Episode 5: Solving Better Problems with Mona Patel

by Michael Keeler

What if you were friends with a bunch badass business leaders and entrepreneurs and could ask them about their successes, challenges, and most valuable advice? That’s exactly what Business for Unicorns delivers. Join business coach and entrepreneur Michael Keeler as he speaks with inspiring leaders and entrepreneurs who believe that a business can make money while improving the lives of their employees and customers.

? New Episodes posted every Monday. Start listening at businessforunicorns.com/podcast.

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Mona is the CEO of Motivate design, UX expert, professor, speaker and author.

“I work to make technology approachable. At first, I got to think about keeping shuttles in space and medical equipment operating smoothly. It was groundbreaking and heavy, and I thrived. It gave me a distinct POV: there is no problem too big to solve for, and no design too small to make a big impact.”

In 2009, Mona started Motivate Design, a UX/UI research and design agency. They are based in NYC and their clients Fortune 500 companies from all over the world. Our UX staffing agency UX Hires (2010) was born soon after to support a need Mona saw in the community. Motivate has been on the Inc. 5000 fastest-growing companies list three years in a row.

Mona’s latest project is a new proprietary method of customer investigation, Insider Insights. It uses the best practices of investigators to get to the truth about what customer’s think about your company. We talk about this exciting new project in the podcast – it’s brilliant.

In this podcast Michael and Mona discuss:

  • Mona’s amazing book Reframe: Shift the Way you Work, Innovate and Think.
  • Why business leaders are crummy at defining our actual problems.
  • Mona’s 8 BS Excuse Personas.
  • The power of “what if” questions.
  • The importance of design in the customer’s experience.
  • Common design pitfalls most companies make.
  • The key signs that your company should consider doing market research.
  • Mona’s advice on personal branding, speaking, and becoming an author.

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  1. Jeff Blair

    Great one Michael.

    Highlights for me:

    1. The storyboarding/charting of the client experience-“what they think, feel and do” during every step of the customer experience. And the discussion about how to fill in the blanks. Enjoyed your input there.

    2. Design:”how do we move people from one behavior to another?” And how design is a way to show respect for the customer. Loved it.

    3. Asking one question that’s worth the money in client research. Powerful idea

    4. The excuse personas. Great discussion. I kept thinking how meditation helps me so much in seeing reality vs being self-deceived by these excuses.

    5. I really liked your comment about your authenticity in the podcast. I could relate to not being the “sound effects guy” and needing to speak with my authentic voice.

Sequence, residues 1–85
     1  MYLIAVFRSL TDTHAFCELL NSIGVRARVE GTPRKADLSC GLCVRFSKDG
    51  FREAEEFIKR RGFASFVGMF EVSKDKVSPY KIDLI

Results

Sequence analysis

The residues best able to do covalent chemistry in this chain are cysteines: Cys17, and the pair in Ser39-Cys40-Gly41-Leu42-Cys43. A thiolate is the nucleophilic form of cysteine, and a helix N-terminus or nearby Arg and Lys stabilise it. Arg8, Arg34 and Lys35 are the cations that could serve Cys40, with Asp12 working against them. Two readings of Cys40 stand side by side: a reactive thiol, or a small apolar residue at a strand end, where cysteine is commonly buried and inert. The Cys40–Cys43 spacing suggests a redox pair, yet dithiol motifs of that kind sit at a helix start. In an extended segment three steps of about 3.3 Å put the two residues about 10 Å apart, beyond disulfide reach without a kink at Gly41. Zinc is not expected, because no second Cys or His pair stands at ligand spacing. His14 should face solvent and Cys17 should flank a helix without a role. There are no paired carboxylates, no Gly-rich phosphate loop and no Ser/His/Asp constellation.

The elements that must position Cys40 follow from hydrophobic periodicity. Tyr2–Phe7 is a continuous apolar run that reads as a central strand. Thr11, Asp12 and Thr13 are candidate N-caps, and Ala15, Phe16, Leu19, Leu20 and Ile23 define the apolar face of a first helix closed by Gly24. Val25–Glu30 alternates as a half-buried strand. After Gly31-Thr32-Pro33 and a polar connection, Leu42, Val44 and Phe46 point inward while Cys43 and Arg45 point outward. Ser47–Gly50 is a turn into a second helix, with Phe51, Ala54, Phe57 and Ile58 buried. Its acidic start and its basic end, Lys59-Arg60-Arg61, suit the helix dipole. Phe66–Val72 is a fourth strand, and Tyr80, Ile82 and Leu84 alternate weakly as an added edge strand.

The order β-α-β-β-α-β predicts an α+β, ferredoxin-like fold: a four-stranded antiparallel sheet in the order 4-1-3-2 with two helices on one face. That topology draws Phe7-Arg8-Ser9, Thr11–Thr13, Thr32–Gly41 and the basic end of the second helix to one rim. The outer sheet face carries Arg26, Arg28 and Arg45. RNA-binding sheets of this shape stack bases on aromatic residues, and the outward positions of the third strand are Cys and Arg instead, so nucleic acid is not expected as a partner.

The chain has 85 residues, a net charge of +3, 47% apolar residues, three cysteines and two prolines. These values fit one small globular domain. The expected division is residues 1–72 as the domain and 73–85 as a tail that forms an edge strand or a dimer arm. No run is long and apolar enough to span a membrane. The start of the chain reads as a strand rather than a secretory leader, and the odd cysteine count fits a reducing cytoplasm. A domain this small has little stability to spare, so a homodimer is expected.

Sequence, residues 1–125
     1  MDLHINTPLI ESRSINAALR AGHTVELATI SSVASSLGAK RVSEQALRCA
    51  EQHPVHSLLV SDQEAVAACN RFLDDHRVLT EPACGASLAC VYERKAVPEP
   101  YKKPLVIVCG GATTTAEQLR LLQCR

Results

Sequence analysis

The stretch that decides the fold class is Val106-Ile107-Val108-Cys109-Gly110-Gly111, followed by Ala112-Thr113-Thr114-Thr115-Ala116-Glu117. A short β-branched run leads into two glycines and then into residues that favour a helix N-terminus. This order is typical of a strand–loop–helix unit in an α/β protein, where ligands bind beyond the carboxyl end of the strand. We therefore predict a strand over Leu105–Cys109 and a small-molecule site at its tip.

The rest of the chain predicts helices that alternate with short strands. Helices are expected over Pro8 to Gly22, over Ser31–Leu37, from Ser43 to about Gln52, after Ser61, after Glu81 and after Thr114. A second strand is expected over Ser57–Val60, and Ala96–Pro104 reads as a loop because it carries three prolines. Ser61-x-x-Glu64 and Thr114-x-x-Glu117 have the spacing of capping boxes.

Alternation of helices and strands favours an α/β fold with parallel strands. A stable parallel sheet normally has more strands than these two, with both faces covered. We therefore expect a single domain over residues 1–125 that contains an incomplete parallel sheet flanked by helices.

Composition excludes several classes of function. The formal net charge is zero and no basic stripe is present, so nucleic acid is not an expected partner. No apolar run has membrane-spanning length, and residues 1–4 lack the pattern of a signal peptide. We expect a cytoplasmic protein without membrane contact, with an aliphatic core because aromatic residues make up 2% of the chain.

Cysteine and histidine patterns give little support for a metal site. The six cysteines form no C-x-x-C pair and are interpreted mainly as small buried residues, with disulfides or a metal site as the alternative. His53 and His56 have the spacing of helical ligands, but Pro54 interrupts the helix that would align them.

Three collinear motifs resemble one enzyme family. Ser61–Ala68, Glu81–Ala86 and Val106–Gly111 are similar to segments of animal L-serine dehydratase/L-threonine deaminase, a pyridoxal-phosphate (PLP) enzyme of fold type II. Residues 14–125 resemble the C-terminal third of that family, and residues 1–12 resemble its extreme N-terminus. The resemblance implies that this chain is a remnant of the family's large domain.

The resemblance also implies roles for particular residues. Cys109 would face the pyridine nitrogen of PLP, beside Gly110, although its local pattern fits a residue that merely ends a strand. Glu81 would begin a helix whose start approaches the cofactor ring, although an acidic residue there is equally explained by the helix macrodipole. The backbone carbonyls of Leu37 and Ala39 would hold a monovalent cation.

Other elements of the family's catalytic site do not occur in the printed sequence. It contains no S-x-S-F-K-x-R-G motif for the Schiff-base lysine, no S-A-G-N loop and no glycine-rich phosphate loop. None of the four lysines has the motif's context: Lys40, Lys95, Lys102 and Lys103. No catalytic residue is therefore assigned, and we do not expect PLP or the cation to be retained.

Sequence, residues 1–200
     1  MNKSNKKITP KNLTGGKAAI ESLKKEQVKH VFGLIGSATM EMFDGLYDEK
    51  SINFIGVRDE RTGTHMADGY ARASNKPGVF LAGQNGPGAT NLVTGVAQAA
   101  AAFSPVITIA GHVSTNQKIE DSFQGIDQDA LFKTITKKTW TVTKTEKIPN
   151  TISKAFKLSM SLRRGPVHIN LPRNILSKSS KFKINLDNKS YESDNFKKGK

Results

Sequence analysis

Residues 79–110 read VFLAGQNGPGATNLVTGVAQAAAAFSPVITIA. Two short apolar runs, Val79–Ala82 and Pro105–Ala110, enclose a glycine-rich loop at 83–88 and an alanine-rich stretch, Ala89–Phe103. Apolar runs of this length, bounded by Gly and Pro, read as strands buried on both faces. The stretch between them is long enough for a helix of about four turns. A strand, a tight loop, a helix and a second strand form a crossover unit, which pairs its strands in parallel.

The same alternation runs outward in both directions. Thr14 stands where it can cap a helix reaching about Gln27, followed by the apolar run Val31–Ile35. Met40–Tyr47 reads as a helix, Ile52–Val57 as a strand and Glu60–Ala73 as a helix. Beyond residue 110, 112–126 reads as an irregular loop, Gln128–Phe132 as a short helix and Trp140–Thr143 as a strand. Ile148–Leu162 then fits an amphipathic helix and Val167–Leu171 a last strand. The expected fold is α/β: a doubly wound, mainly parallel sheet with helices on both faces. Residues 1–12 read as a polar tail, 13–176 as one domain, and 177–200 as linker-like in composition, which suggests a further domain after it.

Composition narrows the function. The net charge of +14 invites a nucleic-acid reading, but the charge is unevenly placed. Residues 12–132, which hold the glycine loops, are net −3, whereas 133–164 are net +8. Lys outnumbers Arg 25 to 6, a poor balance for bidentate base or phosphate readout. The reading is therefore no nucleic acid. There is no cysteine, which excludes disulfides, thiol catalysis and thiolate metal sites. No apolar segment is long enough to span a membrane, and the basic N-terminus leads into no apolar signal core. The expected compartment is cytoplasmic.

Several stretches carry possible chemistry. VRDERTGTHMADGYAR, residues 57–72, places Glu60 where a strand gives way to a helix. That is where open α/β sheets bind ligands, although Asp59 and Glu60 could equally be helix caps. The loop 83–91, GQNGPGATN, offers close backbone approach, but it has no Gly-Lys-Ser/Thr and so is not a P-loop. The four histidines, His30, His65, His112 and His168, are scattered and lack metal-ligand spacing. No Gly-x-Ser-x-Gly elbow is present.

This was gold Michael. Thank you!!

    • Michael Keeler

      Awesome highlights Jeff! Thank you so much for sharing your thoughts.

      If you liked this conversation you should totally consider reading Mona’s book. I learned so much from it. 🙂

  2. jeff Blair

    I am definitely going to read it, Michael.

    Here is one question I always have about these issues:

    Henry Ford supposedly said, “If I would have given people what they wanted, I would have given them a faster horse.”

    There is a lot written on the elephant and rider metaphor on human decision making. The elephant is the unconscious combination of genetics, cultural programming, societal influences, etc. The rider is the logical mind. We think the rider is making the decisions but the elephant usually is. This is the criticism I have seen of consumer surveys and it seems intuitively correct.

    Given this situation, how do we get valid data on what people actually value and what moves behavior? Is the answer we are grabbing the low-hanging fruit first?

    As a practical matter, most businesses are probably not even thinking this way so that puts those of us thinking about it ahead of the curve.

    But in the search for valid data, how do we get reliable information from people if they don’t necessarily understand it themselves? Thanks!!!

    • Michael Keeler

      Hey Jeff – Sorry, I didn’t see this comment until now.

      Great point! And Mona would agree, humans don’t really know why we make decisions. Most market research is often about getting as close as possible to consumer’s thinking based on their known (stated) desires and reasoning, but it’s important to know that it’s only scratching the surface.

      In fact, that’s part of the problem Mona’s InsiderInsights program is attempting to solve. They are working to create a network of connected “brand investigators” (my words, not hers) to see if they can dig beneath this surface level to reveal deeper (maybe even unconscious) levels of desire, thoughts, and reason around consumer behavior.

      I can’t wait to see what Mona and her team uncover. 🙂


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